Get a sneak peek at the hand-tracking and occlusion capabilities of Apple’s upcoming Vision Pro headset.
Apple’s upcoming Vision Pro headset, set to launch in the coming months, is expected to use hand-tracking as its primary input method. The device’s hand-tracking technology is divided into two capabilities: ‘hand-tracking’ and ‘hand-occlusion’. Hand-tracking refers to the 3D model of the hand, its joints, and fingertip positions used for interaction, while hand-occlusion deals with overlaying the user’s real hand onto virtual content.
A video posted by a Vision Pro developer using Unity shows the hand-tracking and occlusion capabilities of the device. It reveals that hand-occlusion is quite effective, although there is some clipping around the edges of the hand when surrounded by virtual content and moving quickly. The actual hand-tracking position appears to lag behind the hand-occlusion by about 100–200ms. However, it is difficult to determine the true latency of Vision Pro’s hand-tracking, as the video only shows the occlusion-tracking hands for comparison.
No VR Controllers planned for Apple Vision Pro
The use of hand-tracking in VR/AR devices is not entirely new, but the level of precision and realism that Apple’s Vision Pro seems to offer is significant. The device uses a ‘look and tap’ modality, combining hand-tracking with eye-tracking for system-level interactions. Developers can also build applications that allow users to interact directly with applications using their hands. This technology could potentially change the way users interact with VR/AR experiences, making them more immersive and intuitive.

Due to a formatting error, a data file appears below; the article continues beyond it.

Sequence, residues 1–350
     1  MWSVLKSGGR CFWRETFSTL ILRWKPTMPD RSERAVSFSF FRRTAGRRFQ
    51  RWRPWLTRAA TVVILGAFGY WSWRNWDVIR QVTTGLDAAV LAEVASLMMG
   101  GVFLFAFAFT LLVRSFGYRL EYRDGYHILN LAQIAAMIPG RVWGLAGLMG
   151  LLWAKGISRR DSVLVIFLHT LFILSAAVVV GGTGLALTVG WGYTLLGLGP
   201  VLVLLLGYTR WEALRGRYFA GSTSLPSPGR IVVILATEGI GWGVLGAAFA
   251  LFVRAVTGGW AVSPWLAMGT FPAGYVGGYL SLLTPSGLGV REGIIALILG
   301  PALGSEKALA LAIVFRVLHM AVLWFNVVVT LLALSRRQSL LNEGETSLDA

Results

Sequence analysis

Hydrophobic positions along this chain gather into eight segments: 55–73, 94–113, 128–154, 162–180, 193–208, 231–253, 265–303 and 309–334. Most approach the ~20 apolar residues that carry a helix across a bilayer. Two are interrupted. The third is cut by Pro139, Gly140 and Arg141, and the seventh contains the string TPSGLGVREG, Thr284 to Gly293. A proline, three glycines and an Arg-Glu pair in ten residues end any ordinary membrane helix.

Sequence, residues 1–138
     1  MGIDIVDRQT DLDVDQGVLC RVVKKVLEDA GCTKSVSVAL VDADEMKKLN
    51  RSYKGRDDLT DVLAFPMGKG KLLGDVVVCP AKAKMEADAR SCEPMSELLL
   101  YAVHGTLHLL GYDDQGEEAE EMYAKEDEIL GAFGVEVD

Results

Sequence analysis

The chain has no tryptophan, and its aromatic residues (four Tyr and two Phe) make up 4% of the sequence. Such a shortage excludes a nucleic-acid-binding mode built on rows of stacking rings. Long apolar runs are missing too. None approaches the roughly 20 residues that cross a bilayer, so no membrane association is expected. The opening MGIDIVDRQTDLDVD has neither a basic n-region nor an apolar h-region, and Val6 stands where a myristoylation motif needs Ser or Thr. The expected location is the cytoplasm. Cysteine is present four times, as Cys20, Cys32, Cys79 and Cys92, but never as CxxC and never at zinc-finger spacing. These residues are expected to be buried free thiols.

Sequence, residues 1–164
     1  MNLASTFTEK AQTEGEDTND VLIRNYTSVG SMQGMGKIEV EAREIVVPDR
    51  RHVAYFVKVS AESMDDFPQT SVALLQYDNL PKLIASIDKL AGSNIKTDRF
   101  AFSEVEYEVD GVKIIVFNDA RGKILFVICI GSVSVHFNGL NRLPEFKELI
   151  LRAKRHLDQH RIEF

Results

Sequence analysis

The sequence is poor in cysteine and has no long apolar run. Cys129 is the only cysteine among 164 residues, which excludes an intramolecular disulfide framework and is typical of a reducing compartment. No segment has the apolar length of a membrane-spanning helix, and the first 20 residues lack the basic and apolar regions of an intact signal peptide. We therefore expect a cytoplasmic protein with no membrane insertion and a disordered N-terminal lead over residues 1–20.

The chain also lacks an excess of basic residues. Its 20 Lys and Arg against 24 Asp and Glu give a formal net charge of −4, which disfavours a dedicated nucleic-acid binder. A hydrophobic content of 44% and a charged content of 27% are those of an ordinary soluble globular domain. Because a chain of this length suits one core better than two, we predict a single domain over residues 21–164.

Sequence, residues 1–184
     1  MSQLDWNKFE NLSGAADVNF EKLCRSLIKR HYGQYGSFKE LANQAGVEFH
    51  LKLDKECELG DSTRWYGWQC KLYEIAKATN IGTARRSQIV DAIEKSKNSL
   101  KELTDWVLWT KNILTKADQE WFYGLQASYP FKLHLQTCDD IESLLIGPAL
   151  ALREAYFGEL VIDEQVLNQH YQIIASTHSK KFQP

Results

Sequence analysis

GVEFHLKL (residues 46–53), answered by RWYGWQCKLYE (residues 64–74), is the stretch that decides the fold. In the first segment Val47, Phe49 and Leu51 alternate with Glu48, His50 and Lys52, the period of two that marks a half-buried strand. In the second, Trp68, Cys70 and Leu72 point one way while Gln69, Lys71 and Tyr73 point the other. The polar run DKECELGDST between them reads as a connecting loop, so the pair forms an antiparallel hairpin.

There have been reported production problems and VR controller rejection issues with Apple’s Vision Pro. The company has allegedly reduced the planned quantities for the Vision Pro due to technical difficulties in the production process. The device will not support VR controllers, instead opting for a ‘more elegant solution’ without accessories. Only certain Bluetooth keyboards for text input in the Vision Pro and gaming controllers from Sony’s PlayStation and Microsoft’s Xbox consoles are supported.
Is hand-tracking enough for VR?
The introduction of hand-tracking and occlusion capabilities in Apple’s Vision Pro could revolutionize the VR/AR industry. The ability to interact directly with virtual content using one’s hands could make VR/AR experiences more immersive and intuitive. However, the apparent latency issues highlighted in the developer video could be a potential drawback, potentially affecting the user experience.
The absence of VR controllers might be considered a disadvantage by some, especially those who are used to traditional VR gaming experiences. However, this decision seems to be in line with Apple’s aim to create a sleek, elegant device with minimal accessories. Furthermore, gaming does not seem to be a major focus for Apple, although VR games have already been announced for the Vision Pro. Moreover, the support for certain Bluetooth keyboards and gaming controllers could partially offset this disadvantage.
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